In Remembrance of Brian Chilcott

Originally published: 
Thursday, January 19, 2017, 12 pm

We are deeply saddened to share that MLA alumnus Brian Chilcott, MLA ’07, died in a car accident in Madera County, California, on December 14, 2016.

Brian is remembered with great affection by his classmates and SNRE faculty. Professor Joan Nassauer recalls his deep curiosity about the natural world, as well as his devotion to outdoor living and adventures. Tao Zhang, ’08, remembers him as, “one of the most genuine advocates for nature that I know.” Interim Dean Dan Brown recalls, “Brian’s dedication to learning, born of his passion for the environment, combined with his abilities in critical thinking made him a powerful change agent.”

Fellow alumnus and friend Nick Deyo, ’11, has established a GoFundMe campaign to benefit Brian’s wife, Jessica Vansteenburg. Both she and their dog Axel are recovering from injuries sustained in the accident.

Brian grew up on a farm in western Nebraska, where he gained a strong sense of self-reliance and connection to the natural world. Before coming to graduate school at SNRE, he served as a biological technician with the U.S. Fish and Wildlife Service.

After graduating from SNRE, Brian worked as a landscape architect with Sasaki in Boston. Most recently, he worked as a planner for the National Park Service. He was developing a wilderness preservation plan for Yosemite National Park at the time of his death.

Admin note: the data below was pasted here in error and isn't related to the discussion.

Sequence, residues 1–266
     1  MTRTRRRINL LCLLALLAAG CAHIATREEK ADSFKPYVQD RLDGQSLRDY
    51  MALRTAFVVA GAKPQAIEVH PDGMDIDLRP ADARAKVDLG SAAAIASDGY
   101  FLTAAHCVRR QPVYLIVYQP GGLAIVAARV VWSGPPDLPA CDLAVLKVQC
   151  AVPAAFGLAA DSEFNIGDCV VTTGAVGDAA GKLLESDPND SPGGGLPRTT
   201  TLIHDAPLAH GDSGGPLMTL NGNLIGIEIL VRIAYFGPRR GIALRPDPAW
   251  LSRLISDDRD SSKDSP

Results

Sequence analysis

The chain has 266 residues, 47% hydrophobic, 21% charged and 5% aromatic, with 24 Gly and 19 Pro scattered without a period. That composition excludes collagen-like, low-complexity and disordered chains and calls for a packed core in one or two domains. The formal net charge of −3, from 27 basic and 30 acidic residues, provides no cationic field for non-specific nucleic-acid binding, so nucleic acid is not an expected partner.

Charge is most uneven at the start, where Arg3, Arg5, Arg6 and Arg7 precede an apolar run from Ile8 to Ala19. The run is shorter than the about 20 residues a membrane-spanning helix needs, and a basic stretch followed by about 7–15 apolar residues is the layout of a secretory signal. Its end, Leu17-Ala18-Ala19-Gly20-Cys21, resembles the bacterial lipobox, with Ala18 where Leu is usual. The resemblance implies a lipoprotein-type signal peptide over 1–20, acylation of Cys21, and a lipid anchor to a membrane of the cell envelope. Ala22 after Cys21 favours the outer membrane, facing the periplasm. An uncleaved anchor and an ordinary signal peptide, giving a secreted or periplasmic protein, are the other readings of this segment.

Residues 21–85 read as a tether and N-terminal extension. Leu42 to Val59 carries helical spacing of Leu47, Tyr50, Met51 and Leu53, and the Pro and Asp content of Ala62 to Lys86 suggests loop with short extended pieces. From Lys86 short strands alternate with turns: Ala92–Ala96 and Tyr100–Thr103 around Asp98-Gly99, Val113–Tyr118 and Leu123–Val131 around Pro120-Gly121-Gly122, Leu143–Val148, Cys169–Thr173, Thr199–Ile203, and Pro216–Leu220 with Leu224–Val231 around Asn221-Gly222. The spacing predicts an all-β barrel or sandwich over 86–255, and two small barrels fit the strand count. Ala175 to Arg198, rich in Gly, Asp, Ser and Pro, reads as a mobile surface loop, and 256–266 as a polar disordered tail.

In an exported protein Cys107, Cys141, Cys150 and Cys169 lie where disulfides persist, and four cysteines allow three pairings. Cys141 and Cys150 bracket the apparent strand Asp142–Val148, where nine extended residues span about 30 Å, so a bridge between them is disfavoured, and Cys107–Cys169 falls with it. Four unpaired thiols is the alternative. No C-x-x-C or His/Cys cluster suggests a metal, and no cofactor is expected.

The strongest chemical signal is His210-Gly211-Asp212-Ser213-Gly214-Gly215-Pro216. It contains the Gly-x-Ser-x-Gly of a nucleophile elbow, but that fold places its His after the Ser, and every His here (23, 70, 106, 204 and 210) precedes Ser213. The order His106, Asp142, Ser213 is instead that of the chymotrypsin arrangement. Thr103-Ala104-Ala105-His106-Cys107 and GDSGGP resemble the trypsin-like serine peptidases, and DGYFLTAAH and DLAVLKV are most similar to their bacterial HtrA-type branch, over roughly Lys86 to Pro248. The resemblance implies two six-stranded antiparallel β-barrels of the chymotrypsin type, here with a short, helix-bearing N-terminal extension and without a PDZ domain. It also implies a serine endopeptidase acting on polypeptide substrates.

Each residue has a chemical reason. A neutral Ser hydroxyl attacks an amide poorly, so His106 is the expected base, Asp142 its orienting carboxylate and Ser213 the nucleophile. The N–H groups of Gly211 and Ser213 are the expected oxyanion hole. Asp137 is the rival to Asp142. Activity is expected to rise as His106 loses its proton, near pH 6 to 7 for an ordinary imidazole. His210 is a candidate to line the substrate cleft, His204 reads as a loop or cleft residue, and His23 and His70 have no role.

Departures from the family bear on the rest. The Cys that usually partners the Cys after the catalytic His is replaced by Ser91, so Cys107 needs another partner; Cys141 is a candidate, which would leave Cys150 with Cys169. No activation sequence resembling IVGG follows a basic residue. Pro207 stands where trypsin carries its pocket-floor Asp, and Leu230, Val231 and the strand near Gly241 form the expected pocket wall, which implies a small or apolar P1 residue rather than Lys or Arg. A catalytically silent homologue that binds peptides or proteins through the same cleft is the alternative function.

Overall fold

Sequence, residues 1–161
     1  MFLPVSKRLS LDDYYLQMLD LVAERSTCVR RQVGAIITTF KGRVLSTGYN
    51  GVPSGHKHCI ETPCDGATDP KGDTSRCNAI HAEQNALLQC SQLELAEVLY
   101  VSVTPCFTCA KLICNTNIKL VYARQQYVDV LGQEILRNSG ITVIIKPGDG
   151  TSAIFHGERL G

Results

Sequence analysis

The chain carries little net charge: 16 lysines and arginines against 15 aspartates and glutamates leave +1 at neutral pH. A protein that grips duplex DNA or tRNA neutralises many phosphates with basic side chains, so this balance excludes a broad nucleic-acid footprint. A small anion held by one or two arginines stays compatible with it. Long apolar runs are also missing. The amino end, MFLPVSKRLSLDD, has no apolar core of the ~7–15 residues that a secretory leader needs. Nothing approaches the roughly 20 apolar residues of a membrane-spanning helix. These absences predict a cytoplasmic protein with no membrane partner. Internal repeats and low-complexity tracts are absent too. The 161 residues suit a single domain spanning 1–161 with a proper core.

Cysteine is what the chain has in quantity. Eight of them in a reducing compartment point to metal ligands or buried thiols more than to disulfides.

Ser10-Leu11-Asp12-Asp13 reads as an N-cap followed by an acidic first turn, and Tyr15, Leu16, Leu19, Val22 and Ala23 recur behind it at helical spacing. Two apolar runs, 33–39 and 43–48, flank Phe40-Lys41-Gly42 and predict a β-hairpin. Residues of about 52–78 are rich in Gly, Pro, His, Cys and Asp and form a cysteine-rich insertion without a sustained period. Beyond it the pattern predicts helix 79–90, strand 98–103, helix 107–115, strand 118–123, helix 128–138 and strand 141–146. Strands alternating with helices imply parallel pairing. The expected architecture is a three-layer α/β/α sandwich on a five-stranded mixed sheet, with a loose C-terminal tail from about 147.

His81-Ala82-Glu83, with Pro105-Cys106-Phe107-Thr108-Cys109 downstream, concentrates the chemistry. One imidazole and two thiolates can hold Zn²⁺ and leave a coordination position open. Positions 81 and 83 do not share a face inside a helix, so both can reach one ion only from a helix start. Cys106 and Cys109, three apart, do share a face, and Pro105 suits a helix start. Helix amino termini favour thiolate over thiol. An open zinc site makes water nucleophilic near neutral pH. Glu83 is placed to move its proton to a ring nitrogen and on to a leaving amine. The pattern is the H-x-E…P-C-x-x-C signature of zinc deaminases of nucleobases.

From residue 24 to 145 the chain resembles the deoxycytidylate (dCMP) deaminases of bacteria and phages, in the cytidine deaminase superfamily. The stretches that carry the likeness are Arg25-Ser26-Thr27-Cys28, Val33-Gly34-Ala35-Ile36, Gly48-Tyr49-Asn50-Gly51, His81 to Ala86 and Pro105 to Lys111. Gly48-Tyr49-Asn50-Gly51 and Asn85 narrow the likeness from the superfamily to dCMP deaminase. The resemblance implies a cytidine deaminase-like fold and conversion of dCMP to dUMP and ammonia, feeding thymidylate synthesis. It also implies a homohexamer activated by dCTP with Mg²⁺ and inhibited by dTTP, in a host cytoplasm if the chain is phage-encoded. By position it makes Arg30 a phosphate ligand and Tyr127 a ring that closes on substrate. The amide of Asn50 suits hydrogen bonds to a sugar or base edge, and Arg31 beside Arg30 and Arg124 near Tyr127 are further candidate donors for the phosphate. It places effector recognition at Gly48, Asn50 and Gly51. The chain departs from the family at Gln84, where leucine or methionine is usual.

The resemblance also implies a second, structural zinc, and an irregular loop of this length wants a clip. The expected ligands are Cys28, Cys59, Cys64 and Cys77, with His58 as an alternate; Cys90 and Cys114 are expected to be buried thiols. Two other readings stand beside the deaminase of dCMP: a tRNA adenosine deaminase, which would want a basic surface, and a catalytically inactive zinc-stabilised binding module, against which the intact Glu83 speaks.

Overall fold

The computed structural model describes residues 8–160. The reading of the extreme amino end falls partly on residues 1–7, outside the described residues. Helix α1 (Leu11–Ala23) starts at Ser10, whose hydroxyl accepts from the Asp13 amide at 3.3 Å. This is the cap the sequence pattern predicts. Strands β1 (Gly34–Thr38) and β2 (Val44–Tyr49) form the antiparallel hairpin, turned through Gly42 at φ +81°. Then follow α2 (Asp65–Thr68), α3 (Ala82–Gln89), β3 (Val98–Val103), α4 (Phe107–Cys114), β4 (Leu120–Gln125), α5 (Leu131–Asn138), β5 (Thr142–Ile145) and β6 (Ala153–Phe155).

Schooled as both a biologist and a landscape architect, Brian worked diligently to build relationships between park divisions and branches, ultimately working towards the goal of creating a Wilderness Stewardship Plan that spoke equally for all life – plant, animal, and human. Brian was a gifted technical writer and researcher and we were extremely lucky to have him as part of our team.

He spoke many times of his love for Yosemite and the greater Sierra and this passion manifested itself in his work ethic and personal outdoor pursuits. Among many other things, his persnickety sense of humor, his shared insights into mushroom hunting and wildlife watching, and his honest, straight-shooting perspectives on the important things in life will truly be missed.

Woody Smeck, Superintendent of Yosemite National Park

Those wishing to extend sympathy may reach his wife, Jessica Vansteenburg, at 5070 Veranda Terrace, Davis, California 95618.

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